Our last post discussed the importance of smart digital asset regulation and why the U.S. is falling dangerously behind. We are encouraged that some U.S. agencies are acknowledging and welcoming the benefits of this new technology to consumers, as well as banks like the U.S. Office of the Comptroller of the Currency. But as a whole, industry participants who are searching for a path to regulatory clarity in the U.S. have been left to parse through an opaque patch quilt of speeches, enforcement actions and dizzying guidance.
When projects and businesses, guided by some of the best legal advice available, still find themselves unclear about the position of U.S. regulators, something is wrong. Regulation, applied consistently, should lead to predictable outcomes, not regulatory “gotchas” that kill innovation.
The key regulatory question in the U.S. today is this: Which digital assets are “securities”? The answer to that question matters significantly. Complex and burdensome securities regulations, when incorrectly applied, smother industry innovation. Imagine imposing laws meant for the transfer of Apple stock to your purchase and sale of an iPhone or, worse, to every text sent or received on your iPhone.
The U.S. Securities and Exchange Commission (SEC) has exempted only two digital assets from the U.S. securities laws—Bitcoin and Ether. For all other assets, the SEC has mostly stayed silent, except when it has decided to regulate certain assets through enforcement proceedings. The net effect is that the SEC has affirmatively placed their good housekeeping stamp of approval on only two digital assets, both controlled by China.
The U.S.-China Tech Cold War
The Chinese government subsidizes the vast amounts of energy needed to fuel Bitcoin and Ether “miners.” At least 65% of Bitcoin mining is concentrated in China. It’s reported that Ether mining also is controlled by China. By controlling these climate destroying protocols, China is directing billions of dollars in mining rewards to China based mining pools. China also can effectively block or reverse transactions.
Is the U.S. really willing to allow China to win this new technological and economic Cold War and, with it, allow China to dictate important parts of a new global payment system? Unfortunately, that is exactly what the U.S. is allowing to happen.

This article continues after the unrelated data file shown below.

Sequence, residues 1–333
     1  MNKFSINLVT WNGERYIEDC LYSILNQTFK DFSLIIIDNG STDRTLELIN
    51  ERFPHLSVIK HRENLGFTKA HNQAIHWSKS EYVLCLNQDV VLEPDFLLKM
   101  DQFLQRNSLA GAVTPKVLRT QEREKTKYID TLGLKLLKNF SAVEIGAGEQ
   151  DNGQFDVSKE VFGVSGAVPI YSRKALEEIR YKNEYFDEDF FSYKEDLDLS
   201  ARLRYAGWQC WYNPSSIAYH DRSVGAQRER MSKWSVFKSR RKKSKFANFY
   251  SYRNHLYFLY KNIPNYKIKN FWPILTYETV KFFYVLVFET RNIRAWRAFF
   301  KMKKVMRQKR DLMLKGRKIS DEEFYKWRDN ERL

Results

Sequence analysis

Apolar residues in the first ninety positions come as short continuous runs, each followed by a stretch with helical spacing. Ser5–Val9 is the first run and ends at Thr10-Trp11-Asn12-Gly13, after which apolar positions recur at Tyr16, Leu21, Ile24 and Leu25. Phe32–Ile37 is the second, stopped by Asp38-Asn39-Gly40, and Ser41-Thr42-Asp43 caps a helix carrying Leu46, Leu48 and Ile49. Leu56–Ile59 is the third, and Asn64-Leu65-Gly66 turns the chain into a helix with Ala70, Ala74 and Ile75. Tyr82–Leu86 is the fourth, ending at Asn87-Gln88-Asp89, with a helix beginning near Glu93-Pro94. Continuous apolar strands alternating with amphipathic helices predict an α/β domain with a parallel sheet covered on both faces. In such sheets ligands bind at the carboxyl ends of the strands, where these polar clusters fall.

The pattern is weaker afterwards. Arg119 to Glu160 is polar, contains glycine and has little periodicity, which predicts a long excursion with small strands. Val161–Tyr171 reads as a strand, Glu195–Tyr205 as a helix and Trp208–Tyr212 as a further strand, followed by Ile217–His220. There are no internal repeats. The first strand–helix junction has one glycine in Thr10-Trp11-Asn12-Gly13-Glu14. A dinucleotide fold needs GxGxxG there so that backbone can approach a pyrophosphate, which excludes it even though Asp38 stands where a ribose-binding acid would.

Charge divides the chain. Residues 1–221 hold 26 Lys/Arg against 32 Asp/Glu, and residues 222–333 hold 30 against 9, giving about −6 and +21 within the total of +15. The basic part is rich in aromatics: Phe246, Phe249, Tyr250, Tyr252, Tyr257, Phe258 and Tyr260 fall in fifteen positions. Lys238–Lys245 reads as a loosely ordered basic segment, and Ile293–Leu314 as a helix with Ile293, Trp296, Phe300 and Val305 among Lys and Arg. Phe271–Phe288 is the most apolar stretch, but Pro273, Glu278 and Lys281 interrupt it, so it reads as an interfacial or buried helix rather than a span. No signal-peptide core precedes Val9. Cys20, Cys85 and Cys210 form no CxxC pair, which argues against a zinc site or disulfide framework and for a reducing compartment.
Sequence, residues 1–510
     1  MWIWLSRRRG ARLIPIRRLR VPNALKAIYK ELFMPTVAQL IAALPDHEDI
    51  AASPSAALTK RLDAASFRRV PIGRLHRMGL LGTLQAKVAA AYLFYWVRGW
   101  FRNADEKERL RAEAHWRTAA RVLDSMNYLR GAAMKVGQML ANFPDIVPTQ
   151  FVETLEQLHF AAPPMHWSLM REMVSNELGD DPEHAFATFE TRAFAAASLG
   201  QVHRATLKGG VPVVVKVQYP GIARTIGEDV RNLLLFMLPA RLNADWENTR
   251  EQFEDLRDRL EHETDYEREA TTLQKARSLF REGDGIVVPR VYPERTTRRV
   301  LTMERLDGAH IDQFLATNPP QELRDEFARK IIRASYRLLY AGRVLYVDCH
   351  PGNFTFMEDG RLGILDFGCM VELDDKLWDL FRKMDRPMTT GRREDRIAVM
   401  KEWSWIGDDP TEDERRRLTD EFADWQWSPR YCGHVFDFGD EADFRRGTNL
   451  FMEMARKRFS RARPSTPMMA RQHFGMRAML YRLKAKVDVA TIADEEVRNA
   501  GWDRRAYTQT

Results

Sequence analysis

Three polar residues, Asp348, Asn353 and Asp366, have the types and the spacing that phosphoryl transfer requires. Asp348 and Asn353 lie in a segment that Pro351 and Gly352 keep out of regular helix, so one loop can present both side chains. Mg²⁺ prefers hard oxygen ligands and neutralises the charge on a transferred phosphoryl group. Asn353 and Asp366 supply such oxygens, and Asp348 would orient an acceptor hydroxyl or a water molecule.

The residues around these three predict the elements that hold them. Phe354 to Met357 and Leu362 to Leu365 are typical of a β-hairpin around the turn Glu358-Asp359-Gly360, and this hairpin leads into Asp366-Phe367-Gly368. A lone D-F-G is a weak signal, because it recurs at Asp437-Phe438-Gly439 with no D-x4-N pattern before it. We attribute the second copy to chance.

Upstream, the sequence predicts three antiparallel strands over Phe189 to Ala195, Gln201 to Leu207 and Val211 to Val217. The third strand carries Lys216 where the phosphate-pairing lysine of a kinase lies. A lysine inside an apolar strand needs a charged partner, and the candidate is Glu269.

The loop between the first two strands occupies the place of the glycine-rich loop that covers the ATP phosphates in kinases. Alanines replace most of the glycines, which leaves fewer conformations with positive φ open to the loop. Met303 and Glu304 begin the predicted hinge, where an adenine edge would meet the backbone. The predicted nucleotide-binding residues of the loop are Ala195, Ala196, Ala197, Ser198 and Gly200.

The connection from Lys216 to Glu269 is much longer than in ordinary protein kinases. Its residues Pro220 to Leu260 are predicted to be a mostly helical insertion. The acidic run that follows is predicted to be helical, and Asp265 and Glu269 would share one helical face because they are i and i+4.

Ceding this innovation to Communist China raises national economic and security concerns. China has already created a domestic oligopoly for digital payments operated through companies like Alipay and WeChat. China also is on the brink of issuing a state-controlled digital currency—a digital yuan.
China’s efforts to control the digital asset space is an extension of their multi-decade effort to erode the U.S. Dollar’s position as the global reserve currency. A China controlled system could be a world where payments are blocked if the originator has too low a “social credit” score; or a world where payments are designed to evade U.S. sanctions and money laundering controls.
These scenarios are not just bad for responsible U.S. economic actors looking for a level playing field on which to compete, it’s damaging for anyone who cares about financial inclusion and developing a responsible economic ecosystem for blockchain and digital assets.
Ripple’s Commitment to Regulation
Responsible industry participants are not seeking to avoid regulation. To the contrary, we are crying out for smart, transparent and principles-based regulation.
At Ripple, we actively urge legislators to support regulation that does not disadvantage responsible U.S. companies. Our goal is to improve the financial system from within, working with regulators, governments and central banks alike to improve the way the world moves money.
To learn more about our efforts to push forward crypto regulation in the U.S., read our open letter to Congress signed by Ripple CEO Brad Garlinghouse and Executive Chairman and Co-founder Chris Larsen. And for even more insights around regulation, listen to my recent appearance on the Block Stars podcast.